Barbadian wonders coax kids out of their shells
CHRIST CHURCH, Barbados — “Lazar, come on!’’
My son, 5, stood by my side, a rainbow-colored floatie strapped to his back. It was late February, and we were at the edge of an artificial tide pool at the far end of the Barbados Boardwalk, a stroller-friendly beachside promenade on the southwest coast of the island.
Lazar regards the ocean with deep suspicion; his brother, Django, 2, even more so. So my wife, Ingrid, and I brought them to the tide pool in hopes of luring them in. We soon had help from a trio of Bajan kids who coaxed the boys into the water and enlisted them in a search for shells.
With its sandy beaches, reef-filled waters, and rum-soaked night life, Barbados has long been a favorite destination for cruise ships, surfers, and sun-starved retirees. But this former British colony at the far eastern end of the Caribbean is also a terrific place to bring young children. We were on our fourth visit, part of an annual tradition that includes most of my immediate family.
When it comes to sand and surf, Barbados offers something for everyone. The tide pool, for example, is perfect for nonswimmers. On a day with a high surf advisory, it was still as glass; at low tide, even Django could walk out to the boulders that provide a breakwater 10 yards or so from shore. Black crabs skitter across the rocks, and schools of colorful fish — sergeant majors, blue tangs — dart just below the surface. There are public restrooms a few minutes’ walk to the south, and the ArtSplash Center across the coastal highway offers fresh fruit smoothies and natural juices along with art and music classes for kids.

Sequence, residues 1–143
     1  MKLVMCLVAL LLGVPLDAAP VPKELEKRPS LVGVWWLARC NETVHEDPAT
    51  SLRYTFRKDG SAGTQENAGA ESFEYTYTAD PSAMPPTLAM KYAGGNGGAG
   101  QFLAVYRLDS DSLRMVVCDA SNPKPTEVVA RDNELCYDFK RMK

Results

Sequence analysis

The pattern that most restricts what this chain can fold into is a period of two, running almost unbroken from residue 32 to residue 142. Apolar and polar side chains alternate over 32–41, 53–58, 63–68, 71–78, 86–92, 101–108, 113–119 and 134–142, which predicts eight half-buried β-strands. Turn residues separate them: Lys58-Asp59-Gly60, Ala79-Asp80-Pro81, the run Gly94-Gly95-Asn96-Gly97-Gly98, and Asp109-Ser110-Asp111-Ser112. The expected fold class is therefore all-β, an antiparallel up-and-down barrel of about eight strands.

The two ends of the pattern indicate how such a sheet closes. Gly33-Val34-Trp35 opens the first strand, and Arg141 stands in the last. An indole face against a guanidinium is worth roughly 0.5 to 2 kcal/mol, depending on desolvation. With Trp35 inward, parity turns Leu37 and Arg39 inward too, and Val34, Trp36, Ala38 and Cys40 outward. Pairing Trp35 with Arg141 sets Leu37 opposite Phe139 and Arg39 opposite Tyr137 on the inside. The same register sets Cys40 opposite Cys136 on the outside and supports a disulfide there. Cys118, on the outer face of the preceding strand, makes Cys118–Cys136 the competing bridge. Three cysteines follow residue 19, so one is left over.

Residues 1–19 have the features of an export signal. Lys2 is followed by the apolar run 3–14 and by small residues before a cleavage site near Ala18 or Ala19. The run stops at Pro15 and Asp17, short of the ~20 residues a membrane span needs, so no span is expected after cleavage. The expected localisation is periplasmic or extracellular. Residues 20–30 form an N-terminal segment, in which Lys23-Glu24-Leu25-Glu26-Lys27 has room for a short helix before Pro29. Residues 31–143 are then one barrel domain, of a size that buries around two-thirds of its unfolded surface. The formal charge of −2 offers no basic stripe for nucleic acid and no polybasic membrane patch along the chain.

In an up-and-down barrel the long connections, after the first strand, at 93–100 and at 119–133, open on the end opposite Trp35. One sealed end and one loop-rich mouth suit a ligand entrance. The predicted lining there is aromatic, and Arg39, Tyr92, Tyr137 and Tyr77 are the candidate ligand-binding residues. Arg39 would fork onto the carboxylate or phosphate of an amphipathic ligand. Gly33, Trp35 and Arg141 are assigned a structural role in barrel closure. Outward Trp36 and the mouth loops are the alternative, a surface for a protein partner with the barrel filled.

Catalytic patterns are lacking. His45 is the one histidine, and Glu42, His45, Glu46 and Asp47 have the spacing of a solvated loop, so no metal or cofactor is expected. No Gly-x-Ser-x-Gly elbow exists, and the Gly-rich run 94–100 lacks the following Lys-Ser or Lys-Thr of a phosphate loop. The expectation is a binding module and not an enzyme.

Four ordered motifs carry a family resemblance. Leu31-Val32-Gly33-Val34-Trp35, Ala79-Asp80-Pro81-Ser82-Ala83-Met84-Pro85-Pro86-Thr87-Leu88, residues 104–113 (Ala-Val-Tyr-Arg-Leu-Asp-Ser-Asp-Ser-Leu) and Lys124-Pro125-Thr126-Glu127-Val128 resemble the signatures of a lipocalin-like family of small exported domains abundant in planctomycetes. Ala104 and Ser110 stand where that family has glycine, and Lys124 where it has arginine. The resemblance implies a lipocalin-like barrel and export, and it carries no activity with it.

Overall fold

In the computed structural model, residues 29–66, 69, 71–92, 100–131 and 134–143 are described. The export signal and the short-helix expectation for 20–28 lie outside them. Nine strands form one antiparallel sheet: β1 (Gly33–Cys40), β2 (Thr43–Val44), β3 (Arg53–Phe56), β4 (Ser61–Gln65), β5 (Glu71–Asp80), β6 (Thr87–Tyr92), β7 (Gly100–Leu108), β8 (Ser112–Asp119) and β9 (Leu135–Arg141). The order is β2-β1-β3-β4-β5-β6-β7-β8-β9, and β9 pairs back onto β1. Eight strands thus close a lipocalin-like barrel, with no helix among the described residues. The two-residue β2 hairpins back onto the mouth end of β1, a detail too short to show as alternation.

Follow that highway a few minutes north by car, and you come to Carlisle Bay, a natural harbor with waters so placid that Lazar calls it “a pool with sand.’’ Babies and toddlers can bob gently in place as their parents admire the postcard views of the capital, Bridgetown. Stronger swimmers can venture farther out to see the shallow-water wrecks that lie just 100 yards offshore or the giant sea turtles that feed even closer in. There are umbrellas and beach chairs for rent, and lifeguards monitor the area from a bright yellow tower, behind which are public showers, restrooms, and free parking.
Beyond the beaches, the Barbados Wildlife Reserve and the adjacent Grenade Hall Forest and Signal Station have become such favorites that the zookeepers remember us from year to year. The reserve has free-ranging peacocks, turtles, and other exotic fauna, and enclosed reptile and bird displays. Grenade Hall hosts a restored 19th-century military signal tower with a museum inside.
The stars are the green monkeys, which the zookeepers lure from the trees with handfuls of sunflower seeds. If you are lucky, these playful creatures will even let you pat their surprisingly stiff fur. You can picnic at the tables on the Grenade Hall side of the compound, but if you bring raw fruits or veggies, the monkeys might steal them.
Once you get used to driving on the left, the island is easily navigable by car, which makes it a breeze to find shady attractions during the peak sunburn hours of 11 a.m. to 2 p.m. On this trip, a case of swimmer’s ear drove us to do even more dry-land exploring than usual, which revealed another point in the island’s favor. A Bajan friend recommended a clinic just outside Bridgetown where care was both efficient and affordable.